Smart EQ Fortwo Review 2022
Smart EQ Fortwo At A Glance
The Smart EQ Fortwo is an electric two-seater capable of covering just 70 miles between charges. Almost a polar opposite to the Mercedes-Benz EQC, the electric Smart is ideal for those who want to bimble around town with minimal running costs without the requirement for any great practicality.
A rival to the Renault Zoe and the Skoda Citigo-e iV, the EQ Fortwo starts at around £16,500 following the Government's plug-in car grant, making it considerably more expensive than a petrol-engined Smart Fortwo. It's still pretty much the cheapest electric car around, however. It's also exempt from the London congestion charge, while road tax is also free.
Unlike the Zoe, you buy the battery with the car - which means no monthly battery rental fees. Charging takes 2.5 hours using a standard 7kW home charger, which a 22kW fast charger will take it to 80 per cent in around 40 minutes.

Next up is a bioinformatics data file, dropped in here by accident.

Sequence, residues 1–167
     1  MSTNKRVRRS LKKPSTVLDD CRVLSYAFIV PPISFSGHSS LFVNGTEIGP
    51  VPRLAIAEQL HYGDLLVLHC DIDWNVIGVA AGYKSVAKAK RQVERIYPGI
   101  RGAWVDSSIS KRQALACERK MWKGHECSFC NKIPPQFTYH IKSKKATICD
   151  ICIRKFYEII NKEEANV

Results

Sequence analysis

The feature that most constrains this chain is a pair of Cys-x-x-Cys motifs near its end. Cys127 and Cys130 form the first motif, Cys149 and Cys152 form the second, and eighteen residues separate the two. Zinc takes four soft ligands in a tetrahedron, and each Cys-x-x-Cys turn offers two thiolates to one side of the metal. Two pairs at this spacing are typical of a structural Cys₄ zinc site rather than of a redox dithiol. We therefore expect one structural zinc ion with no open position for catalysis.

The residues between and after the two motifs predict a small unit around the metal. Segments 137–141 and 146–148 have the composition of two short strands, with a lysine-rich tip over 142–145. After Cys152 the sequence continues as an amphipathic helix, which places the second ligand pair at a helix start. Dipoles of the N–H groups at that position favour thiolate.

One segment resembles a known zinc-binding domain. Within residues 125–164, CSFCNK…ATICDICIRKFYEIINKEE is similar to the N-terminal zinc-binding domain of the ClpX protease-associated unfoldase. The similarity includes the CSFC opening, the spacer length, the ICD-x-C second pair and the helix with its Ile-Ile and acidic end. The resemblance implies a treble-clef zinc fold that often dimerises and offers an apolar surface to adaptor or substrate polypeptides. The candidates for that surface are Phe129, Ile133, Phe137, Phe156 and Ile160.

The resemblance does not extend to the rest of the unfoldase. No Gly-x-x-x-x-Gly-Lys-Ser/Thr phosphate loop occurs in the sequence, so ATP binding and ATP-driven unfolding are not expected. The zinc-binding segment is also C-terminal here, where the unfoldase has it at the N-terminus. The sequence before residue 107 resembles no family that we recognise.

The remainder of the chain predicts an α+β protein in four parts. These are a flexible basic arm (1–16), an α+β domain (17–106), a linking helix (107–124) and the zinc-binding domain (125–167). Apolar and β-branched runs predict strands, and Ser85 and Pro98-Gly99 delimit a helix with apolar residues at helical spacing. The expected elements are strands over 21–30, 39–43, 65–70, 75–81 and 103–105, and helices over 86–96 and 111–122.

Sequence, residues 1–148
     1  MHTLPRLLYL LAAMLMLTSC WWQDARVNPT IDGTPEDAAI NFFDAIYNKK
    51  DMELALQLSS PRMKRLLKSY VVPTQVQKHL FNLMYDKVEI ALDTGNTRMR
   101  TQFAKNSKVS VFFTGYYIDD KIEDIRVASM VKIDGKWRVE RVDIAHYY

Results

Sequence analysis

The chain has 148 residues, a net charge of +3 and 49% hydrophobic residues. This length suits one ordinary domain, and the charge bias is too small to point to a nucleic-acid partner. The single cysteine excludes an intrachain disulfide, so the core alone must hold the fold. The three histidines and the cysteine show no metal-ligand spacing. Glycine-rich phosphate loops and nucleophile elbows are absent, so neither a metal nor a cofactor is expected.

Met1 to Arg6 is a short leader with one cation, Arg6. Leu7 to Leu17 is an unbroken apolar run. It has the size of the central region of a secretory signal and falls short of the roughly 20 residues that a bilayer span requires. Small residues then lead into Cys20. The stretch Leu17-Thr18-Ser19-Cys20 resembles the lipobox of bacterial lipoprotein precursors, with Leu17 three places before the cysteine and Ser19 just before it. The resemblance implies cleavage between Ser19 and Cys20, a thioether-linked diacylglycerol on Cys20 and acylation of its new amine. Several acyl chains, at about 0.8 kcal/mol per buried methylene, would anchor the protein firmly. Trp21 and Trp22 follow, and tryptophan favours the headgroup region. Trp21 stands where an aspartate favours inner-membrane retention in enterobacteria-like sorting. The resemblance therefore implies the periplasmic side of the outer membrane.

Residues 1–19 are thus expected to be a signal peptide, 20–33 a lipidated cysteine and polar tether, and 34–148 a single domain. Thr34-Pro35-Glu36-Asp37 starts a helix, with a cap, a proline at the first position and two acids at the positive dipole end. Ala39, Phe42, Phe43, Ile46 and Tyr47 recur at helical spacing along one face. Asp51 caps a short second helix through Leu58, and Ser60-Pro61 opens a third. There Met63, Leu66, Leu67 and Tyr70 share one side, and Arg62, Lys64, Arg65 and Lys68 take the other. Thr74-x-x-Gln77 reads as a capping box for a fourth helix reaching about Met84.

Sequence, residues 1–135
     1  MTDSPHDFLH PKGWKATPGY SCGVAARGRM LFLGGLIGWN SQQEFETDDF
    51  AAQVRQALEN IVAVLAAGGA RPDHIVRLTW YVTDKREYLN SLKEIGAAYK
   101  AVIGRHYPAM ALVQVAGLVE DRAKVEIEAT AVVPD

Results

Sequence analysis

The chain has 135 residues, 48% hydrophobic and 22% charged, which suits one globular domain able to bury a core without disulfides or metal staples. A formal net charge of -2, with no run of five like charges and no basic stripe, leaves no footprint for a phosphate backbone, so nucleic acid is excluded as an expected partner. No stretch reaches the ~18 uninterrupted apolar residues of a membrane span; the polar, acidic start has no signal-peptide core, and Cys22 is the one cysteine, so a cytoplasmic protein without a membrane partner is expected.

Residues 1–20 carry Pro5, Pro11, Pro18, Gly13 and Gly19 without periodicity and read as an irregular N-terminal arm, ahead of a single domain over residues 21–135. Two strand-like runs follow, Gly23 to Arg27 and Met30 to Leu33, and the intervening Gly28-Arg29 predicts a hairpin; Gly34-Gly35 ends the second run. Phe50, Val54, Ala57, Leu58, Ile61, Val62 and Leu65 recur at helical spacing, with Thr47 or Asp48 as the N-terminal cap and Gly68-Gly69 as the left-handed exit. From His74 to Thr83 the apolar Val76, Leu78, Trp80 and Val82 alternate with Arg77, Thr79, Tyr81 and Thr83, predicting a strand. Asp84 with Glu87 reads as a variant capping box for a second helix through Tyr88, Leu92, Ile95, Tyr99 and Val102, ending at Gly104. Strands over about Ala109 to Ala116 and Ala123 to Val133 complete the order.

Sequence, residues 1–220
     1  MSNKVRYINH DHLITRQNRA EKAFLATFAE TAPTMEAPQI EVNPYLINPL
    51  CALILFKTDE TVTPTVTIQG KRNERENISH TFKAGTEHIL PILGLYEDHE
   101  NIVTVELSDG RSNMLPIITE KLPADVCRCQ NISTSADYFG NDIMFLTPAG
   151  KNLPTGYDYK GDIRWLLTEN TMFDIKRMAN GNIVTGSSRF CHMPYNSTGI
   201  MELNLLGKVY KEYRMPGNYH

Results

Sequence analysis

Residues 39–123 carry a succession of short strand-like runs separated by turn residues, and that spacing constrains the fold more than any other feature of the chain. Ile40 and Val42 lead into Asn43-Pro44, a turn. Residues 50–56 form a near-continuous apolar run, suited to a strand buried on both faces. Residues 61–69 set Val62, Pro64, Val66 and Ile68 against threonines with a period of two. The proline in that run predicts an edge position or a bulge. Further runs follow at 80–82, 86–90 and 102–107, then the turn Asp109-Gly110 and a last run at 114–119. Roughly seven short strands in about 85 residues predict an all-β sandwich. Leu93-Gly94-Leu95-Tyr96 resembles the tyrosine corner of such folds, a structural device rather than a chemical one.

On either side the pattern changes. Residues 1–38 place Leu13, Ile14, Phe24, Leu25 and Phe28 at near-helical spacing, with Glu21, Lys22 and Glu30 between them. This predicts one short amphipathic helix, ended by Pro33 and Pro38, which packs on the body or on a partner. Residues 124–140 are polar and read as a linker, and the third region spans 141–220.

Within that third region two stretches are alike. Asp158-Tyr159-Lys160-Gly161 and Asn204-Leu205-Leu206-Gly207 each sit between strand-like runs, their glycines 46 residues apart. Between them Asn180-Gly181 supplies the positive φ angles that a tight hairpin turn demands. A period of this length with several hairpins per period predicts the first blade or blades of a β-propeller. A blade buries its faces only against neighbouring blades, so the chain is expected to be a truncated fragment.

You get the same funky looks as the standard Smart Fortwo, while buyers can choose from coupe or cabriolet versions. The latter is unique - there are no other electric convertibles on the market, meaning it's the ultimate choice for eco wind-in-your-hair motoring.
Inside, you'll find just two seats, and a tiny boot. It's a fairly basic yet quirky cabin, with everything logically laid out. The seats are comfortable enough and access is easy thanks to wide opening doors.
The EQ Fortwo is powered by an 82PS electric motor positioned in the rear of the car, driving the rear wheels. Instant torque (all 160Nm of it) means it will surge forward around town, taking 11.5 seconds to reach 62mph. It's really good fun in an urban environment, with good visibility and a tiny turning circle allowing you to dart in and out of traffic easily.
Top speed is limited to 80mph, although the electric Smart soon starts to feel out of its depth at higher speeds.
As one of the cheapest routes into an electric car, the Smart EQ Fortwo is a likeable choice. Its limited range will put off many buyers, as will its restricted practicality. But for its niche audience - urbanites who lives and work in the city - it's a strong choice.
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